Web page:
"Let's see, what was I telling you about? Oh yes- he used to come home on furlough occasionally, and one of 'em he made up to Miss Elizabeth Bacon. Little Lizzie Bacon, we used to call her, daughter of Judge Bacon, president of the bank and a big man in Monroe. She was swinging on the gate one day when George went by to school and all of a sudden she yells: 'Hello, you Custer boy,' and that just won George right over."
Mr. Custer leaned back against the white pillar of the porch and passed his horny hand across his forehead.
"Things are pretty much jumbled in my mind after that. George and Elizabeth were married and George went south and sent back some fine fast horses. Frogtown, one of 'em was, and Don Juan another, and Blackhawk. But before that he and I came up here to Monroe and bought this farm. 110 acres, and father and mother moved to Monroe.
"Then came the Indian campaign out West, and the cholera epidemic here, and Judge Bacon died of it, and Elizabeth went to live with her mother at the old Bacon homestead. George got to be quite a hunter, and I always wandered at it because he wasn't much for handling a gun around home. That elk's head over there is one he killed."
"Relics? Yes, we've got a few. This little mortar was made from bullets picked up by the soldiers around Fort Hell, and the desk was one George had with him through the war. All of his swords and guns are down to the armory, I guess, except what his wife has with her in New York."
"It's no use tellin' yuh about his Indian fights, is it?" asked Mr. Custer. "Yuh got all those in history. Things went on about as usual here at the farm. Don't seem as if anything much ever happened here. But we kept hearing news of Indian uprisings and battle and finally come the word about the Little Big Horn and that George and Thomas and Boston all were killed. Tom and Boston had gone back with him after his last visit home, just to see the country and be along with him as leader of the expedition."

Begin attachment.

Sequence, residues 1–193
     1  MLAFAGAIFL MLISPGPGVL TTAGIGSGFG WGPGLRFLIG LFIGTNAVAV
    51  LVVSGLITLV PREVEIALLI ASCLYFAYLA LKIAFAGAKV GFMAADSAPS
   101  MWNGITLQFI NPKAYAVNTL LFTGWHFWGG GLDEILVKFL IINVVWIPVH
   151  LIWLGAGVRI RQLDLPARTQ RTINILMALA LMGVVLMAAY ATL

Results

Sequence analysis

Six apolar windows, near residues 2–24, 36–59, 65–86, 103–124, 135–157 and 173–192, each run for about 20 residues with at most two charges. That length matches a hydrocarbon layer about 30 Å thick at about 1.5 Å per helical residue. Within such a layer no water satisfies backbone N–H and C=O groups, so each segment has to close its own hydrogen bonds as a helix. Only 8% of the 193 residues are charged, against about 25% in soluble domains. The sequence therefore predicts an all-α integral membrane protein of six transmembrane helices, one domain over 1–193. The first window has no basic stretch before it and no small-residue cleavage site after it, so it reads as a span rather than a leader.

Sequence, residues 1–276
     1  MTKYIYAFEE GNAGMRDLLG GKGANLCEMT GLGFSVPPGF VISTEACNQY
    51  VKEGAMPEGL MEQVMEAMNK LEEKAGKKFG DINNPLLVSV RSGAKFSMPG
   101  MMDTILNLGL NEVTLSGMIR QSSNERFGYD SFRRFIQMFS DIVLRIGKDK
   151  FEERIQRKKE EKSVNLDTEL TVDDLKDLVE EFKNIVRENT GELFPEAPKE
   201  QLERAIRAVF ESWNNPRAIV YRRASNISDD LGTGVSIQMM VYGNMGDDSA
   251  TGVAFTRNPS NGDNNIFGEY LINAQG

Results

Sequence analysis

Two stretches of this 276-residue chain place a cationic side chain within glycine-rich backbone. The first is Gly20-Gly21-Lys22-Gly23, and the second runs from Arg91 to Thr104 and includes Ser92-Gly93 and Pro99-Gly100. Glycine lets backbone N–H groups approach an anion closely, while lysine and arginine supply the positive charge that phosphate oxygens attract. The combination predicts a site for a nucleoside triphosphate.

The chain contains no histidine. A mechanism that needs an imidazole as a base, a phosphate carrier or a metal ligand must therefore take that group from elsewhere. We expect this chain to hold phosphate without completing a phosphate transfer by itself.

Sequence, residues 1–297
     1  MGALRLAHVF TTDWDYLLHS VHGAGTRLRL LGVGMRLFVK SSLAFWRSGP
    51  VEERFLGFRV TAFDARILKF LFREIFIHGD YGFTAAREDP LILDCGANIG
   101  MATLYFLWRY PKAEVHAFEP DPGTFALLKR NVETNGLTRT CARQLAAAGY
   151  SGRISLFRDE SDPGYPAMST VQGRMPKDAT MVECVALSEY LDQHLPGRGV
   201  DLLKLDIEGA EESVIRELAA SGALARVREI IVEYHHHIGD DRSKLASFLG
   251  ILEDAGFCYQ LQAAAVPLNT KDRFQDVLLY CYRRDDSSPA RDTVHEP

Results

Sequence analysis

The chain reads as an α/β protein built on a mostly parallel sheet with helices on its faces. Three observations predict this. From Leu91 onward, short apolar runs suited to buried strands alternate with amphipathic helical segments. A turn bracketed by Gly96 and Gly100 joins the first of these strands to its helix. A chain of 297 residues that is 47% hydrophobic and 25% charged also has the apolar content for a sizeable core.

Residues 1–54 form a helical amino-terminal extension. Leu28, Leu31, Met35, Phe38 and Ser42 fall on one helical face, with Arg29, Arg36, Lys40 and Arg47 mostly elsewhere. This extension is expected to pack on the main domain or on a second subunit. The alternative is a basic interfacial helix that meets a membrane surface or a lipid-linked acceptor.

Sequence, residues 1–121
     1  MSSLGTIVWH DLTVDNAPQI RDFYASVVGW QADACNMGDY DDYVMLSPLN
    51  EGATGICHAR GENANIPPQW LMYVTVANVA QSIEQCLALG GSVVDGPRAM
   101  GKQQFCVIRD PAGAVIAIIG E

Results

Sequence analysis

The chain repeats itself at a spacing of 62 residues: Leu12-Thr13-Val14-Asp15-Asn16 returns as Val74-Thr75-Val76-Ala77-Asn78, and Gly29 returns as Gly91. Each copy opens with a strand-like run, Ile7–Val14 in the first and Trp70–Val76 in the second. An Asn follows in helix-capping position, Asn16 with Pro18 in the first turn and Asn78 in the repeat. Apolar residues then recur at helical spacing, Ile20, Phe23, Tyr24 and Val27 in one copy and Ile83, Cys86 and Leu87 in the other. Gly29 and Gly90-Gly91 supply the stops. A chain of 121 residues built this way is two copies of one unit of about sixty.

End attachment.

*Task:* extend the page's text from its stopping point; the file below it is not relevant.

"I remember I had been down in Ohio to see about some land and was driving back to Monroe. I pulled into Hastings, Ohio for the night, and when the mail came in there was the news of the battle. I didn't believe it at first, but I drove on home as fast as the team could travel and there I found Monroe all draped in mourning."
Suddenly the old man's hands clenched tightly at his side.
"I didn't intend to say it, an' I won't say much, but I'll tell yuh this, if it hadn't been for U.S. Grant, George Custer would a been alive today."
The little blue eyes flashed like the gleam of steel unconsciously the old man's head went back with the same fighting spirit that Custer showed in the Indian infested valley of the Big Horn.
"I won't tell you all about what Grant did to George. You can find out easy enough. It was the Belknap investigation, you know. Oh, I won't say any more. It makes my blood boil, and I'm liable to say something that I hadn't ought. But we don't like Grant around here."
His eyes fixed themselves sternly on the distant winding river; and slowly the fires within their depths died away; the contracted brow relaxed.
"After all we didn't see much of each other, George and I. He was away making a name for himself, taking an active part in things. And I stayed home and tended the farm. George liked the soldiering and the public honors; I never could have been satisfied that way. Why, pap wanted me to be a preacher and named me Johnson after a Presbyterian man who said he'd educate me into the clergy, but pshaw, I couldn't do it. Too conspicuous for me."
"We've had some pretty rough times, we Custers. Name sort of stands for fight. And this old river has seen its bloody times too, though you never would guess it today. I'm the only one left of the brothers now, and though its nice, of course, to gave George honored as he deserved, still the war is over, and the Indians are gone, and now that times are peaceful again, I can't imagine George as a fighting man half so well as I see him hoeing corn down in Ohio. I guess that's because I'm a farmer."
(Newspaper article from Topeka, Kansas, date of June 1910 written in pen on top